But Chase wasn’t a small man himself, and he definitely wasn’t one to back down from a fight, especially not when it was his little brother. He took a step forward as well but left his hands hanging at his sides.
“Couldn’t be bothered to visit all these years, or even come to the funeral, but it’s time to read the will and here you are.” Asher scoffed and took another step forward.
“There were plenty of family visits,” Chase said, his teeth clenched. “Just not here. And none you could be bothered to come to, I noticed. And I was at the service. If you pulled your head—”
“Enough.” Charli stepped between them, her arms outstretched. “We’re family and we’re all welcome here. I, for one, am glad that we’re all finally together. Fighting isn’t going to help anything. It’s only going to make it worse.”
She wasn’t wrong. Just because Chase had complicated feelings about their dad, didn’t mean they all did. And those feelings had no place at his funeral. The last thing he wanted was to stir up any trouble. That’s not why he was there. He nodded toward his younger brother and relaxed his shoulders. “It really is good to see you, Asher.”
Asher, still visibly agitated, did his best to relax for their sister’s sake, but as soon as she was satisfied they weren’t going to rip each other’s throats out and turned her back, he leaned over and hissed into Chase’s ear, “Why are you even here?”
“My presence was requested by the—” He was interrupted as their youngest brother, Craig, appeared in the doorway.
“Good, we’re all here.” Craig’s eyes flickered over to Chase. He nodded hello and turned to address the room. “The lawyer is ready for us in the study.”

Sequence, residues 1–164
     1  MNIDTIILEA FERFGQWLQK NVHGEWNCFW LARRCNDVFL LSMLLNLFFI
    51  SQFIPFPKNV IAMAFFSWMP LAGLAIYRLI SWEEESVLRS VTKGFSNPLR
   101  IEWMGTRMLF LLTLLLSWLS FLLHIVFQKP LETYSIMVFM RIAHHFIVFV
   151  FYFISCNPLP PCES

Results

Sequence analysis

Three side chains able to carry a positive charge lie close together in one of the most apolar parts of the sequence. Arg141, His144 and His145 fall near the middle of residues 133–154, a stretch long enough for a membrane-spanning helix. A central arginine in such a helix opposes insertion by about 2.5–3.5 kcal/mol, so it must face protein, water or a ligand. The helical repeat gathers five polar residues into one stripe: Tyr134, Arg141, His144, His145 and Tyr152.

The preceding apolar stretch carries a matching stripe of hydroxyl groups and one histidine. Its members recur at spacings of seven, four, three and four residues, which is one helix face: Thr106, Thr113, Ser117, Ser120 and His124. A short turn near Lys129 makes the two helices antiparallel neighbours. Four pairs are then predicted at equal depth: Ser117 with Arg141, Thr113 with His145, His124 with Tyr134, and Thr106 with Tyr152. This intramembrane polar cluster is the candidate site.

“By the lawyer,” Chase finished with a wave of his hand toward the study.
Asher merely grunted his acknowledgment and led the way through the door to the study and reading of the will.
Chase waited until the rest of his siblings had made their way through the door before taking a breath and running a hand over his face. The sooner they got this over with, the sooner he could get out of there. And that would be the best thing for everyone.
* * *
“Come on, Barb.” Annie leaned over the counter toward the other woman, who was sitting behind it. She glanced back at her seven-year-old nephew, Grady, who was kicking at a mark on the linoleum floor of the old community center and thankfully not paying attention. “You know as much as I do that he needs this.” She turned her attention back to the other woman. “Can you just—”
“I can’t let him keep coming to the summer program without payment.” Barb cut her off. “If you need financial assist—”
“I don’t need any assistance,” Annie hissed under her breath before swallowing hard. It wouldn’t do any good to piss Barb off. For better or worse, the woman was the gatekeeper of community programming. She didn’t need to give her more reasons to make life difficult for her. “I’m sure Jill just forgot to drop off a check before she went out of town,” Annie said, this time with a bright smile on her face. “As soon as she gets—”
“She can make the payment through online banking,” Barb said. “No need for checks at all.”
Not that she didn’t know that already. It’s not like it was 1983.
“Oh.” Annie feigned surprise. “I’ll make sure to tell her that when she calls next and she can take care of the payment then. No problem.”
“No problem,” Barb agreed. “And then Grady can come back to the program.” She pressed her lips together. “When Jill gets home.”
It’s going to be like that, is it?